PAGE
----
The autobiography of Mary Benson, a white South African writer known for her work against apartheid, whose life illustrates a public and personal drama. She describes her early years spent in Hollywood and her life as a dedicated worker againest apartheid.
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This autobiography of writer and activist Benson is full of interesting accounts of incidents in the tumultuous political and social history of South Africa over the last few decades. Yet though she was in the thick of the country's racial conflict, the author always seems more of a spectator than a participant, writing with a kind of star-struck quality about the notables she met. Perhaps this can be attributed to Benson's somewhat bland emotionality. In 1961, for example, in the midst of writing a history of the African National Congress, she tells the reader: "I suddenly realized I felt wholly South African, involved in the fate of my country, belonging." Benson did indeed belong, interviewing and hobnobbing with such political luminaries as Nobel Peace Prize winner Chief Albert Lutuli, Walter Sisulu and Nelson Mandela. In the end, one must marvel at the remarkable elements that make up Benson's life, including her friendship with writer Alan Paton, her speech as the first South African to testify before the U.N.'s committee on apartheid and her house arrest in 1965 for activities deemed threatening to the state. Photos.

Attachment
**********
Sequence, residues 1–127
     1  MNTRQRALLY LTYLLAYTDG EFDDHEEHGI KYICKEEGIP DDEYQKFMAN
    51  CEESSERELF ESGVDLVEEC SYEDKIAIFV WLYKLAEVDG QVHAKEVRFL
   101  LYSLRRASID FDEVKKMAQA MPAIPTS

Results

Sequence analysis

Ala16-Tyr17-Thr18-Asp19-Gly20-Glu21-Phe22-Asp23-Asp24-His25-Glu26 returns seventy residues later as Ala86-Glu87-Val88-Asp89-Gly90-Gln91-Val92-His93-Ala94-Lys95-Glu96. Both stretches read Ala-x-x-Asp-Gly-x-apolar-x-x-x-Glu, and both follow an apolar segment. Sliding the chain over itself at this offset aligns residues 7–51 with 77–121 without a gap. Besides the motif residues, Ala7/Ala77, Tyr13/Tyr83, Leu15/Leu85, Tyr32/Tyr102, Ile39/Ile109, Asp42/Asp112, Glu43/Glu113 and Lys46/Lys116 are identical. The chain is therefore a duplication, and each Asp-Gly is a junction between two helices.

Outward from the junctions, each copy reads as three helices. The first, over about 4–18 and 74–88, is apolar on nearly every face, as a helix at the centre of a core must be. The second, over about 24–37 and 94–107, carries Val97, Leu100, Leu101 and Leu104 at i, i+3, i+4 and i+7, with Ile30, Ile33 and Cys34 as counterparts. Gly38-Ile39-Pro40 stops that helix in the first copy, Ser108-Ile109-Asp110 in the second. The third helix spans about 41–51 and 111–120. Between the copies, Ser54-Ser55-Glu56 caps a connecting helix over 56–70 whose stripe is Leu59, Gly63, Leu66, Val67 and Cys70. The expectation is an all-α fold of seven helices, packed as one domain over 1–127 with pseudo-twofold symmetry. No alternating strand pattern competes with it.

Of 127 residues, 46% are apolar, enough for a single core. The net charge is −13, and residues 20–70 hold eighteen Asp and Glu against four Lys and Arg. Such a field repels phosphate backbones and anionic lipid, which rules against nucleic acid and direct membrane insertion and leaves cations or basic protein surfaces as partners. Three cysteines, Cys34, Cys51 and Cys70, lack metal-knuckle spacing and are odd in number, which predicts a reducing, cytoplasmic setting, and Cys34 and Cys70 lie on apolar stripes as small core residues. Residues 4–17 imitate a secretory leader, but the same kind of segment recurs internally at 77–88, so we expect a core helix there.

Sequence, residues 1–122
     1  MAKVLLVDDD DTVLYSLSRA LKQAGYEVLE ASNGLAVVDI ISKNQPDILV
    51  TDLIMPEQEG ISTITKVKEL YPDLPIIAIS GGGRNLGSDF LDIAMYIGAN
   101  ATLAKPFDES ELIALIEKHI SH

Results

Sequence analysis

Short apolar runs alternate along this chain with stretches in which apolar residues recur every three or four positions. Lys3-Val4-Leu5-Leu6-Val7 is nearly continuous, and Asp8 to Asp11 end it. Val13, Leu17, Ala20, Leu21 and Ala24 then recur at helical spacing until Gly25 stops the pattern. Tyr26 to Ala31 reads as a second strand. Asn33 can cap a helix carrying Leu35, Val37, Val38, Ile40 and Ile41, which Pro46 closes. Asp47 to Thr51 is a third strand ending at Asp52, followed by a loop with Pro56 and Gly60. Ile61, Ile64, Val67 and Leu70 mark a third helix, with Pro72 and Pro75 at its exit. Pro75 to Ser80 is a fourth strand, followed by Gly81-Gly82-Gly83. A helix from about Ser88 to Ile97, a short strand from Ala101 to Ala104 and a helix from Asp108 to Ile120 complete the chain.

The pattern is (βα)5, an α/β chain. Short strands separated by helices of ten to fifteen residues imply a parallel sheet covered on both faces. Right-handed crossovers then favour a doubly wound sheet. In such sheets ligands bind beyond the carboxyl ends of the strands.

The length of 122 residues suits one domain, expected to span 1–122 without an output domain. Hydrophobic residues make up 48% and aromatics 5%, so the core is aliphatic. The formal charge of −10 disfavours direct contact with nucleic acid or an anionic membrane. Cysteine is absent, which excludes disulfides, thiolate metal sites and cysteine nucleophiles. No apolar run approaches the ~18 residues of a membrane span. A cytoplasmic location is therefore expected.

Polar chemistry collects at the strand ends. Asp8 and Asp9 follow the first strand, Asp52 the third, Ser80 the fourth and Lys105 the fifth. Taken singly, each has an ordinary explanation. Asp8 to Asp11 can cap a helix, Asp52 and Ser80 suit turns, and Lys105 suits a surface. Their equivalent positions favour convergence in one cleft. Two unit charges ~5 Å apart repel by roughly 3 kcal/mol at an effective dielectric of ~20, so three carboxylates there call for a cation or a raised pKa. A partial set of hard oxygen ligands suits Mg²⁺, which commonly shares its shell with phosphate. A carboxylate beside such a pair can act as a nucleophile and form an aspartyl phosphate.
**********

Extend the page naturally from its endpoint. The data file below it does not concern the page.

Copyright 1990 Reed Business Information, Inc.
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